A true behavior-based system would tell somebody here’s some good sources of protein and then help the person build the habits they need to incorporate that protein regularly into their diet. Do they need to know if their regular serving is 20 grams or 30? Usually, I think the answer is no. What really matters isn’t the precise amount of protein but rather whether or not it meets their needs. What is their reasoning for increasing protein? Is it so that they’re more satisfied and do less random snacking in the evening? That can be assessed without ever counting macros. Is it so that they have a favorable environment for building muscle and improve their strength? Two or three days of doing the math should give them a pretty good idea of what they normally consume, and then after that I’m struggling to see why they would need to keep that level of detailed attention. The range of protein consumption that is adequate for building muscle is just that–a range–and it isn’t like we need to hit a precise number or otherwise all of our efforts are gone to shit.
So, I guess my concern is that the very act of macro or calorie counting creates artificial limits and expectations, and I don’t know how an app or other system could get around that. Maybe there’s nothing inherently wrong with counting all the things, but it provides a level of granularity that I see as unnecessary for 90% of the folks we interact with on a regular basis. You can create a sustainable caloric deficit without counting calories. You can create healthy, balanced meals without macro counting. You can identify that you eat too much between meals and address that challenge without counting calories. Most of us know when we are overeating; we don’t need an external number to tell us that we’re stuffed.
I do recognize that there is some utility in learning the basics of nutrition. Which are more calorically dense foods, and which are less? Which foods have more protein, and which are a mix of fat and carbs? I’ve heard lots of folks talk about peanut butter as a good protein source seemingly unaware that it’s actually mostly fat. So, maybe there’s a way to use calorie counting to teach that skill? But so does a food list or three–list of lean protein sources, list of fat sources, list of sources of both.
Instead of calorie or macro tracking someone could track behaviors. Although to be healthy, I still believe it requires important mindset work so that motivations are addressed, and unhealthy diet culture isn’t being exacerbated. There are literally endless examples of tracking a behavior rather than macros. For example, the person can ask themselves if there was a protein source at each meal? Or did I stop when satisfied at dinner? Did I wait until hungry before eating my afternoon snack? Did I get 1-2 servings of fruits and veggies at most meals? Each of these would provide meaningful results for a person’s overall caloric or macro targets for the day without ever getting into the granularity of counting. And I see the advantage in that they are each less likely to create scarcity mindset and other unhelpful diet-related thoughts. I also note that these are mostly additive dietary strategies rather than subtractive ones, which is well-supported by the evidence as far as being more psychologically friendly, too.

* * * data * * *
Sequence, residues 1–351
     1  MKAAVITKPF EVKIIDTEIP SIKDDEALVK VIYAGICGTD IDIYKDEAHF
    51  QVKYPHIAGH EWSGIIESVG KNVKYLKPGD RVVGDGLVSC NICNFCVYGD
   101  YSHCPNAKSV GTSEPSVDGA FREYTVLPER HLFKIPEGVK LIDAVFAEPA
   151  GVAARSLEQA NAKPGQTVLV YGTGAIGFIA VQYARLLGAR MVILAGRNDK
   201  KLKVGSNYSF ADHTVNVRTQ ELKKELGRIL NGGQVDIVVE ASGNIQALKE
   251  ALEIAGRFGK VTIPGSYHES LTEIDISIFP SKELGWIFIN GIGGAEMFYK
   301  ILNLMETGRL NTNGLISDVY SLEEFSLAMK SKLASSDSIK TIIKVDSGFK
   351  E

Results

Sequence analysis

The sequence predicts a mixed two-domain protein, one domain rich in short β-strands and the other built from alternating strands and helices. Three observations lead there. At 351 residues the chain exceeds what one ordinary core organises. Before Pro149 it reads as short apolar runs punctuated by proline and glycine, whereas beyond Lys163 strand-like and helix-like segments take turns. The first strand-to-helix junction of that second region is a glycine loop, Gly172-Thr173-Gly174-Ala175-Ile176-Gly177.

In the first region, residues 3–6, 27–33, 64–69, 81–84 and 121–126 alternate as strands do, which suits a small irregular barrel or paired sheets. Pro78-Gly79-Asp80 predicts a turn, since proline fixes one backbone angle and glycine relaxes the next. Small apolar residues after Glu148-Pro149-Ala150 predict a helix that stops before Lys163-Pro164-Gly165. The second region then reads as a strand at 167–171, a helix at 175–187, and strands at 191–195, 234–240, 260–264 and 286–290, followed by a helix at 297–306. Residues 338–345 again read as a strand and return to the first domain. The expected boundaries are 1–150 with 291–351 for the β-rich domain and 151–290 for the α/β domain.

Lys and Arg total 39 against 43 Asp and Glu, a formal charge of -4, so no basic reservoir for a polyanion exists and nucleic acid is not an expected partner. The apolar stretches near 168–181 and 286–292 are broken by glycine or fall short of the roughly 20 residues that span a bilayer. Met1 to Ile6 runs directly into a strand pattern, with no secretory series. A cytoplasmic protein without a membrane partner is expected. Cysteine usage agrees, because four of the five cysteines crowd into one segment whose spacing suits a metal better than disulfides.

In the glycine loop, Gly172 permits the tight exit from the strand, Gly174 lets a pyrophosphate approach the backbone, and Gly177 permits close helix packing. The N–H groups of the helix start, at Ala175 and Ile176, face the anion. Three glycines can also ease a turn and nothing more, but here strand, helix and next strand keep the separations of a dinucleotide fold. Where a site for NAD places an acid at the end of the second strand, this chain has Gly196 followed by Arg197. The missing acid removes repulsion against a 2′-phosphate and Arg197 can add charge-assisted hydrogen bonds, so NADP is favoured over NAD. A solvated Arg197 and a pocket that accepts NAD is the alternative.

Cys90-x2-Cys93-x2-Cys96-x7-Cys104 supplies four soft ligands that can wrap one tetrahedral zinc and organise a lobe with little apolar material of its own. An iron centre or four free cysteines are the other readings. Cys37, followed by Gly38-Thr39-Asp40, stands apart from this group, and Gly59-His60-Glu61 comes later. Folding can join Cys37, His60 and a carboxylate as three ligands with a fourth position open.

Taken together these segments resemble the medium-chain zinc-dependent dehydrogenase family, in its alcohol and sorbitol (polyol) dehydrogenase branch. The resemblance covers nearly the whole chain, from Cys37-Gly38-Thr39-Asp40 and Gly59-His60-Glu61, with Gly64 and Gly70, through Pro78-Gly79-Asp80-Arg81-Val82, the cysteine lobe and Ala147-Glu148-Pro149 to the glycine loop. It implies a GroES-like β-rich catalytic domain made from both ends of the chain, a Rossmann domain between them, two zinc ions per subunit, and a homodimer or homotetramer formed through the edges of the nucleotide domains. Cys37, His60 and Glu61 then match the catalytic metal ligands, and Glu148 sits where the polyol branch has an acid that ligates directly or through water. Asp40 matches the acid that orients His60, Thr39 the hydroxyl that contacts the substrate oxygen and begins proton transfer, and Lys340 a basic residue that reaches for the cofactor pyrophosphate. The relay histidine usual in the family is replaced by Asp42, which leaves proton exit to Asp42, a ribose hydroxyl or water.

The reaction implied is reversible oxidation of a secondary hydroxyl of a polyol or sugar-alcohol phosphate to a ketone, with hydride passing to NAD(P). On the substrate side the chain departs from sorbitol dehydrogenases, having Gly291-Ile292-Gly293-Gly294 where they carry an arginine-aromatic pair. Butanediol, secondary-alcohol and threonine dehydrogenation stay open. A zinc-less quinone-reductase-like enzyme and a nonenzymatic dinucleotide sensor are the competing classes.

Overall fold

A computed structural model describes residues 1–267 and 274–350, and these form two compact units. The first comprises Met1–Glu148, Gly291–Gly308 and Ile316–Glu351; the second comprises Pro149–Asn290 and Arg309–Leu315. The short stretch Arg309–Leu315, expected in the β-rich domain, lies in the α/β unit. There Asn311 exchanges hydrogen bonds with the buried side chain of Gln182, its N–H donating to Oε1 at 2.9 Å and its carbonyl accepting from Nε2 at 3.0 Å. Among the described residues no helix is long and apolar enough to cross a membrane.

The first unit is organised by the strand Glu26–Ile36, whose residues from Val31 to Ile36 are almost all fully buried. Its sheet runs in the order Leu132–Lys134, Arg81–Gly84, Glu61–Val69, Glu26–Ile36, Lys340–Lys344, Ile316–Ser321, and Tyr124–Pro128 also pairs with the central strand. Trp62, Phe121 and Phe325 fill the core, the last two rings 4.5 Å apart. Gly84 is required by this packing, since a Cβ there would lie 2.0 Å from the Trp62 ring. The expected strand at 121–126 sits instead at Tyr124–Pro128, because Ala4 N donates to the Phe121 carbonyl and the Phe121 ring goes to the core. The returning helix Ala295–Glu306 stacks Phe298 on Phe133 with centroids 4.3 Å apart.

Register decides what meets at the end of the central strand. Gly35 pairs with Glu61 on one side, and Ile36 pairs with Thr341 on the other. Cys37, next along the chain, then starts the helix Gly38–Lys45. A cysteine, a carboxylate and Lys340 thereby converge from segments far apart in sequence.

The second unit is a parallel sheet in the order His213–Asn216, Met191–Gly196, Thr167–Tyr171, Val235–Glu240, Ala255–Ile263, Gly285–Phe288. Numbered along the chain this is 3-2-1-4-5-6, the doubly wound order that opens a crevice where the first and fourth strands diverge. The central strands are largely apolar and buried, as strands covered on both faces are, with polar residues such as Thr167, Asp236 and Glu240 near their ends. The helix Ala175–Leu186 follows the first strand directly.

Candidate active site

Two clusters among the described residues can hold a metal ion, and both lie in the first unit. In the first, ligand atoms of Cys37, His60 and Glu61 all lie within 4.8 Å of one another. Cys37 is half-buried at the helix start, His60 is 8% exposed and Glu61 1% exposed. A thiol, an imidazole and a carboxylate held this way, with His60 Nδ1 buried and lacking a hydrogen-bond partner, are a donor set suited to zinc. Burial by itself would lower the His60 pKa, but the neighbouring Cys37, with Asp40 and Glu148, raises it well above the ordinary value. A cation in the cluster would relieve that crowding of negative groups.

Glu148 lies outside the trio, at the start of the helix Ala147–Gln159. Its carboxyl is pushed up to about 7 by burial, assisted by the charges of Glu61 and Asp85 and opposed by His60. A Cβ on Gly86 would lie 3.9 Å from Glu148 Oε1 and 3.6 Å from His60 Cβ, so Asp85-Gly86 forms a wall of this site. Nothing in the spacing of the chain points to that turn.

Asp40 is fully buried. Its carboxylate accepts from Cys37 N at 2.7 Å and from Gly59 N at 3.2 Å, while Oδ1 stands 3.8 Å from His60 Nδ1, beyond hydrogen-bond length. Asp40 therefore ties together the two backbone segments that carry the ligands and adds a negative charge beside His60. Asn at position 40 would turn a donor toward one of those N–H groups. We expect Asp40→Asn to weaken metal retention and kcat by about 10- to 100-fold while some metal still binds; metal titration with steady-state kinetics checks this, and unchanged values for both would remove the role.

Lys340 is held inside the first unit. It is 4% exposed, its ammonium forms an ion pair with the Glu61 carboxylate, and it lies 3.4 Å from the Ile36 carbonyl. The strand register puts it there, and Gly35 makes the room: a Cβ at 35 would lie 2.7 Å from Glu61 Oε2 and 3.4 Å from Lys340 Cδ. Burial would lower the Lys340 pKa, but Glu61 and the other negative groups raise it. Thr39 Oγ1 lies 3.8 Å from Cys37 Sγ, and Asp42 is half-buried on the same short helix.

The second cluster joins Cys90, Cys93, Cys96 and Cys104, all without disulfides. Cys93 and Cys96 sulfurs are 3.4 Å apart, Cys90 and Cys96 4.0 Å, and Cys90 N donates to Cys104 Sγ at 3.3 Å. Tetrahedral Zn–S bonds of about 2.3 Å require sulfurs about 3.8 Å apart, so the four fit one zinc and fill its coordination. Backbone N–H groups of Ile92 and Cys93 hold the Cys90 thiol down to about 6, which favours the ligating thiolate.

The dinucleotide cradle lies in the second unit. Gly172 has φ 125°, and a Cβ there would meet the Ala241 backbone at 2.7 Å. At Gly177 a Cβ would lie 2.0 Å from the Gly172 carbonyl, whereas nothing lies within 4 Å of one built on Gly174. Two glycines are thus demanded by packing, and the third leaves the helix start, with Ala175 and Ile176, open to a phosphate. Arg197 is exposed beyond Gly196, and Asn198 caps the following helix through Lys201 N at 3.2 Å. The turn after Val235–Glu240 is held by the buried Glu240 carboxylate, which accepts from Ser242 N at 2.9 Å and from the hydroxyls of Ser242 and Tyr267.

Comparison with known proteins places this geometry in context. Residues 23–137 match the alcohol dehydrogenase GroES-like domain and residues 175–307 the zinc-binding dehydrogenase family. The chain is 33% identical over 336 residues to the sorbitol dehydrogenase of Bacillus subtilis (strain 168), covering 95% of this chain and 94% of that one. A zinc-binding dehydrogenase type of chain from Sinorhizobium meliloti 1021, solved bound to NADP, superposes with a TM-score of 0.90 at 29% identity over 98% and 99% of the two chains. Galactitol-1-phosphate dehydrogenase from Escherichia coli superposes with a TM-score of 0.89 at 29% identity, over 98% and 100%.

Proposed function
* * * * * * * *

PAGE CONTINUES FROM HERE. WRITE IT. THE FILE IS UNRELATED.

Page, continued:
At the end of the day, I recognize that calorie and macro counting isn’t problematic for everyone. There are clearly many people who like it and seem to maintain a peaceful relationship with food and their bodies. However, for those who find it problematic, or who don’t want to take the risk that it might exacerbate unhealthy mindsets, I want them to know that there are alternatives. I really applaud Greg and Eric for wanting to create a healthier macro counter. I wish everyone who provided nutrition and fitness services would do it through a lens of avoiding harm to their clients and users. I wish they all did it from a place of teaching people the skills they need for a lifetime rather than serving up a quick fix that’s most likely doomed to fail. There are sustainable ways to improve how we eat and our fitness, but I’m not convinced that regular macro counting can get most of us there.
Less harmful tracking? I’m a brainstorming kind of person, and here are some thoughts on qualities that might make a tracking program less harmful for someone with similar a psychology to myself:
- The option to only track one macronutrient or a few micronutrients and to “silence” others. My thinking is that this can lend someone to checking in on a macro of concern without getting into the weeds on others. For that matter, what about “silencing” weight measurements? Not everyone wants to check in regularly on body composition goals who want to check their macros.
- A focus on averages for targets–what is the 7-day average caloric or macro consumption? Maybe this helps with perfectionist tendencies?
- An ability to put in hunger and satiety notes (like the 1-10 scale I use) connected to eating sessions might incentivize checking in with oneself and help with seeing patterns outside of external control.
- Reduced emphasis or incentives for daily tracking. The occasional check-in can be helpful and potentially less harmful.
- If I’m dreaming big, I would LOVE a macro counter to link with resources that help someone with the necessary behavior and mindset work, or to somehow build those skills in. Maybe in the meantime tie in a habit tracker? Some preset ideas for healthy, baby step goals wouldn’t go amiss either, I would think.
Even with all of these features, I think I would stick with a once-in-a-while check-in kind of use of trackers but adding them in might make me less hesitant to give it a try. Would anything make a tracker less problematic for you? I’d love to see your comments below!